E-Scrap News

Computer brand pushes recycled content and repair

Lenovo laptop with focus on brand name.

Lenovo uses both post-industrial and post-consumer plastics in laptops, desktops, workstations, monitors and accessories. | Hernan E. Schmidt/Shutterstock

Lenovo is using more recycled materials in its products and working toward a circular economy, even as a recent study from the company found that only half of senior IT business leaders are aware of the economic value of e-scrap.

In fiscal year 2021-2022, Lenovo begain using recycled magnesium, aluminum and ocean-bound plastic in its products, and increased the number of products that use some amount of post-consumer resin (PCR) to 248 products, up from 103 products the year prior, according to its annual environmental, social and governance report.

“The company’s corporate-wide environmental standards and specifications require its product designers to consider environmentally conscious design practices to facilitate and encourage recycling and minimization of resource consumption,” the report stated. 

Lenovo uses both post-industrial and post-consumer plastics in laptops, desktops, workstations, monitors and accessories, and by fiscal year 2025-2026 aims to have 100% of its PC products contain some PCR.

In 2021, it used 7,800 metric tons of plastics containing recycled content. The report noted that the weight of PCR used is falling each year, even as the company uses PCR in more items, because Lenovo is also decreasing its plastics use overall by making products thinner and lighter.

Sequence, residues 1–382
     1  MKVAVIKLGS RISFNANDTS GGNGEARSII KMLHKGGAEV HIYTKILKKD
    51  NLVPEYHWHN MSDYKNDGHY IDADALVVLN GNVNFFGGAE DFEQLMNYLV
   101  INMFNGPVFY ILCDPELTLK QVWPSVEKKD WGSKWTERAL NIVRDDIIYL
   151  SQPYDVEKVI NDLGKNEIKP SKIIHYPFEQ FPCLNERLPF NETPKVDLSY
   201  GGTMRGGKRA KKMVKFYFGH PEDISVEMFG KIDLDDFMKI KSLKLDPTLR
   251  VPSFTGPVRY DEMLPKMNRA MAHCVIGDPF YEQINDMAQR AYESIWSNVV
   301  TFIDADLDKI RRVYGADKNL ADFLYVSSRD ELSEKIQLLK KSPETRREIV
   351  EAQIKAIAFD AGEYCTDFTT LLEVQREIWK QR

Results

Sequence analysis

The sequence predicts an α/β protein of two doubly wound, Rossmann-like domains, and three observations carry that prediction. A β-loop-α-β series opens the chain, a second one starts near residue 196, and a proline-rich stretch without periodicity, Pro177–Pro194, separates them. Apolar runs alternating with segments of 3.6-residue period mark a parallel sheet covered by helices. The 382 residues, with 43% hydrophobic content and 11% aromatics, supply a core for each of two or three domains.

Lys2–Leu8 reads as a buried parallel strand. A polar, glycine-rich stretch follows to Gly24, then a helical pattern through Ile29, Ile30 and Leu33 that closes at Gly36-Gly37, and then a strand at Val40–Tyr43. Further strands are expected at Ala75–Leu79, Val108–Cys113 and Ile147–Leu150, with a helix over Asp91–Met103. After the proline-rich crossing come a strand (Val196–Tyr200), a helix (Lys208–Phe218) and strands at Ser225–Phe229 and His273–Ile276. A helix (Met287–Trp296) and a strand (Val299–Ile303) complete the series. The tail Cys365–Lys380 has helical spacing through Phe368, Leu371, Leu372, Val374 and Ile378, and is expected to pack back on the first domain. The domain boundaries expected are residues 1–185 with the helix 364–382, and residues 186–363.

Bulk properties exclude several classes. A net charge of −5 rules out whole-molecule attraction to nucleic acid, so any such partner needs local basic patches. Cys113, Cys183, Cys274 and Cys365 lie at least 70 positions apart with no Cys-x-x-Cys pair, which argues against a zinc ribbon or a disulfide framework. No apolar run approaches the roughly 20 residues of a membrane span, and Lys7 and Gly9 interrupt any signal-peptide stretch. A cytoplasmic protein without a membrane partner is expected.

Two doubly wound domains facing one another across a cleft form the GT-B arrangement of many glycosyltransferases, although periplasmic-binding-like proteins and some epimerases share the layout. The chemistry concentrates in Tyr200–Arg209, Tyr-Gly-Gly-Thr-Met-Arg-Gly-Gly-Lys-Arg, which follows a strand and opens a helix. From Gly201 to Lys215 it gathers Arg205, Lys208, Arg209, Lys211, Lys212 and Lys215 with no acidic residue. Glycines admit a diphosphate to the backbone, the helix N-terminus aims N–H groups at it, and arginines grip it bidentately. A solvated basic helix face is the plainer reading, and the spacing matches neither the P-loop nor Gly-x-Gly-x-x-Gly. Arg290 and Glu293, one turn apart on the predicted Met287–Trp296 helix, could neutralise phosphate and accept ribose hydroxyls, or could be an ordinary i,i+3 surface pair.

The company will begin reporting on the total weight of recycled metals in next year’s report, according to the report. 

Aiming for circularity

Lenovo also offers end-of-life recycling and management programs for consumers and businesses. Since 2005, it has processed 324,811 metric tons of computer equipment through its contracted service providers; 34,163 metric tons of that total came in 2021, the report stated. 

Of that 2021 total, 5.5% was reused as products or parts and 88.2% was recycled as materials. The rest was disposed of, with 1.5% incinerated using waste-to-energy recovery, 2.1% incinerated as disposal treatment and 2.6% landfilled.

“The company can advance a circular economy by optimizing the use of its products and parts,” the report noted, and part of that includes repair options.

By fiscal year 2025-2026, Lenovo plans to be able to do 84% of repairs at the customer site, without having to send the PC to a service center. By the same deadline, the company aims to repair 76% of repairable parts for future use. 

“The rapidly changing global context urges the global business community to respond with smarter innovations and more responsible operations, seizing every opportunity to act with a larger purpose in mind,” said CEO Yuanqing Yang in a press release.

Low awareness of e-scrap value

Lenovo also published a report titled “Rethinking E-waste in a Circular Economy,” which found only 50% of senior IT business leaders were aware of the potential economic value of their organization’s e-scrap, and 9% said “they don’t even consider it.”

However, 75% of those surveyed said their organization measures and tracks the amount of e-scrap they create annually and 59% said they increased the amount of hardware they purchased during COVID-19. 

To bring awareness to the value of e-scrap and encourage recycling, Lenovo collaborated with a jeweler, Holly Ryan, to create four one-off designer rings made from metals from recycled e-scrap, a press release noted. 

Matt Codrington, Lenovo managing director, said in the press release that since the beginning of the current fiscal year, the company has already seen a 43% year-over-year increase in the number of customers using its asset recovery services. 

“It is fantastic to witness so many of our customers rethinking the lifecycle of technology products, ensuring that every recoverable material from every single device can be reused at end of life,” Codrington said. 

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